BLUFFTON, Sc. (WTOC) - UPDATE: WTOC spoke with the lead pastor of Lowcountry Community Church on Tuesday after a man was kicked out of the church for having a service dog.
“People abuse the ADA Title 3. We don’t want to put up any barriers to for anybody who wants to come here, but we were having enough problems with people who were abusing the law and coming in with any and every kind of animal - untrained, unregistered, and not responding to voice commands, etc,” Lead Pastor, Jeff Cranston said.
The pastor says as of this weekend, the church is removing the No Service Dogs barrier, and people with service dogs will be welcomed. He also says going forward, the church hopes to work with service dog trainers and state lawmakers to help spot properly certified service animals.
A Lowcountry man is feeling humiliated on Monday after he was kicked out of a church for having a service dog.
Taylor Burch says it happened on Sunday at Lowcountry Community Church in Bluffton. The post below was made by the man’s sister, which has received thousands of comments and shares.
Taylor Burch says after what he thought would be a day of worship service, turned into him not only never wanting to step foot on these church grounds ever again, but he also wants this to be a message to prevent this from happening to other people like him in the future.
“This has never happened before, we’ve never been to a church that has turned us away because of my guide dog,” said Burch.
29-year-old Burch and his 5-year-old pup, Indy, are normally welcome in most places. However this time they were turned away from a place Burch says everyone is supposed to be accepted: a church.
“This older gentlemen was helping me to my seat, when a church official with a badge approached me and says can you come with me," Burch said. "I thought I had done something wrong, I was going to be arrested because he took me in another room and shut the door.”
Burch said because of his disability it makes getting around without Indy much harder.
“In order to get a guide dog, you have to be totally blind or legally blind," said Burch. "I’m legally blind I have no vision in my right eye and I have tunnel vision in my left.”
After being questioned by the members of the Lowcountry Community Church in Bluffton, Burch says he was humiliated.
“He then asked what my disability was, why I needed the dog, was I totally dependent on the dog, was I really blind,” Burch said. “I felt devastated, I mean I was going to worship God and I didn’t know churches were allowed to do that.”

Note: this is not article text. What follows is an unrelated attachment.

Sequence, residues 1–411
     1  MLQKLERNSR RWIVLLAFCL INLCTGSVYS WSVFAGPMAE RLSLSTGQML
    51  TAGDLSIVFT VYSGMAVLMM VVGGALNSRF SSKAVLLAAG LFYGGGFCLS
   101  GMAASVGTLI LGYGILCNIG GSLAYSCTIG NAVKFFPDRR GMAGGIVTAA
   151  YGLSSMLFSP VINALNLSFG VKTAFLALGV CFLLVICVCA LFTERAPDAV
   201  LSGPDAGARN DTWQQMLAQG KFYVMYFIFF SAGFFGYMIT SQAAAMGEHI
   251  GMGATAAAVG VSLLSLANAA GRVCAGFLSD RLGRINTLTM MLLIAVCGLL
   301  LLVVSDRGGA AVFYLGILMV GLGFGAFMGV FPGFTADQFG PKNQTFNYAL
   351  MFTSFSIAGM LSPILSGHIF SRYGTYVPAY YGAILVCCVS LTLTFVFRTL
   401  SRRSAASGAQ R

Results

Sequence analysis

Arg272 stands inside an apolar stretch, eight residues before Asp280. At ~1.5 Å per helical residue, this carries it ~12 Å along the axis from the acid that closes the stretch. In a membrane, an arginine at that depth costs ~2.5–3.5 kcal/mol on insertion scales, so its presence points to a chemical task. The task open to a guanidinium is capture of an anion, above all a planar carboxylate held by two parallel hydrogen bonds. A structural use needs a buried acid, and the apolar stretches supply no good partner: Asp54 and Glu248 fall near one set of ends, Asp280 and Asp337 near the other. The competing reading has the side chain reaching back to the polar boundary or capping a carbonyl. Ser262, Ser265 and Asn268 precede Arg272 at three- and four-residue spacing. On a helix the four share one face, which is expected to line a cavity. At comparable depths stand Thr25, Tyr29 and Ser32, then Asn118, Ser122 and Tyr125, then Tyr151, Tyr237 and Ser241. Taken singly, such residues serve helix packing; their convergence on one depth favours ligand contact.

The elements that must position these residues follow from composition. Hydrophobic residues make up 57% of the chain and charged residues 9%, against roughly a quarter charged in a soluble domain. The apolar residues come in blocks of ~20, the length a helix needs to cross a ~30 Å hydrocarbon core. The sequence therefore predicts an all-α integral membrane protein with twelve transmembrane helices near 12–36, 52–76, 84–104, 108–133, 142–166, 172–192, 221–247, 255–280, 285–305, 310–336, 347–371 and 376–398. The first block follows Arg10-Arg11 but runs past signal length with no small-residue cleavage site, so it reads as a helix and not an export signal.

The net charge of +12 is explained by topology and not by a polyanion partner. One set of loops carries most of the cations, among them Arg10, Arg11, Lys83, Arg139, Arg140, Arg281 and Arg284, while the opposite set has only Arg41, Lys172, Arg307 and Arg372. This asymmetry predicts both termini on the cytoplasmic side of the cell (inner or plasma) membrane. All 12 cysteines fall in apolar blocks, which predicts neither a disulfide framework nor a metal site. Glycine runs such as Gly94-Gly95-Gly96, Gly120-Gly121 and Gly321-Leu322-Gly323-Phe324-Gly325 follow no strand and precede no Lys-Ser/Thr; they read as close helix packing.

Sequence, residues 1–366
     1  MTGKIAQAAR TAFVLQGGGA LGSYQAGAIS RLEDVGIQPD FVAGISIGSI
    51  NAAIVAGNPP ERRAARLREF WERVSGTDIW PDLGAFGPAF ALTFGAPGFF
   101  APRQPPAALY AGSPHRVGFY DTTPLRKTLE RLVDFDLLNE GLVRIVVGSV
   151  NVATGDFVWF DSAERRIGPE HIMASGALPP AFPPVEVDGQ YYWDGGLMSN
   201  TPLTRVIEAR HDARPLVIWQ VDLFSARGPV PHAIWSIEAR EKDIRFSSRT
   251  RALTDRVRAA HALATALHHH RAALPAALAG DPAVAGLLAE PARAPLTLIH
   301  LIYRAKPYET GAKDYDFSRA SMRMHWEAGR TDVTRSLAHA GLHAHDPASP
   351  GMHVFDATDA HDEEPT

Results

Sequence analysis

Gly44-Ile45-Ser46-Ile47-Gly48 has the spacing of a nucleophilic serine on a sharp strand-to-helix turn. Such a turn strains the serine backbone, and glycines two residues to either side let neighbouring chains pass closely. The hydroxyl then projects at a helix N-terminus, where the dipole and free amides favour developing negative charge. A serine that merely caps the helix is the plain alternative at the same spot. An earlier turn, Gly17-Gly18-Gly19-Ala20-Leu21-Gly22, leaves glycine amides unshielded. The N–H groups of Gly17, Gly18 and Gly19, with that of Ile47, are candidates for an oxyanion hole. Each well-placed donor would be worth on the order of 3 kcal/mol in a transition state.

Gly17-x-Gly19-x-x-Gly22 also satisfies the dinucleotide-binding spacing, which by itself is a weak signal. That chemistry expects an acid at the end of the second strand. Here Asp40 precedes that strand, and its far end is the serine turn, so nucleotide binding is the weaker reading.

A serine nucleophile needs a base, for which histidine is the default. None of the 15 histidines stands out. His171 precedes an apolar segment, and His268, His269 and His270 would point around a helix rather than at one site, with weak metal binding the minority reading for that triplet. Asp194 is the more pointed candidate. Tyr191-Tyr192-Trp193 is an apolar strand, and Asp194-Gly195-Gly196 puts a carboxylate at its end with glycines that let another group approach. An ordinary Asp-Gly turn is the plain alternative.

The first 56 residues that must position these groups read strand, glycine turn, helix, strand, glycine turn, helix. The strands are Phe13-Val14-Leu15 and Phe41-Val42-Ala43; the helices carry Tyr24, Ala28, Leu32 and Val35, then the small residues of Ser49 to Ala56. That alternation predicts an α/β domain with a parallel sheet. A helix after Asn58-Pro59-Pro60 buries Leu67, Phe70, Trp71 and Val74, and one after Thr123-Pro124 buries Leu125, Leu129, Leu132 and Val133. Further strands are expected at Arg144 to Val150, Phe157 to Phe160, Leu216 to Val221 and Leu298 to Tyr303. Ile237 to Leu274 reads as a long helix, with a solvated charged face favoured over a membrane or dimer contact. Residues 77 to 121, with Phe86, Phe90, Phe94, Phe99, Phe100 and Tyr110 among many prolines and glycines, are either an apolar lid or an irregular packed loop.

Signs are posted on the door barring animals from entering, but the notice is written in very tiny writing, making it difficult for someone who is legally blind to see them.
“They need to make it in big bold red letters and maybe even braille,” said Burch.
Lowcountry Community Church responded to Burch’s Facebook post which reads in part quote “the size of crowds make it very dangerous for any animals to be in the worship center.”
We did our own research, and according to the Americans with Disabilities Act, churches are exempt from having to abide by ADA laws in regard to service dogs, so the church legally doesn’t have to let any kind of service dogs in.
Burch says he wants to share his story because something needs to change.
“The pastor stands by what happened and there’s a better church out there for me,” Burch said.
Below is a statement from the Lowcountry Community Church.
A service animal is defined as a dog that has been trained to do work or perform tasks.
In other words, the dog must be trained to take a specific action to help a person with a disability.
Emotional support, therapy, comfort, or companion animals are not considered service animals... Because they have not been trained to perform a specific job or task.
The Department of Justice has a list of frequently asked questions on it’s website. Click here for more info.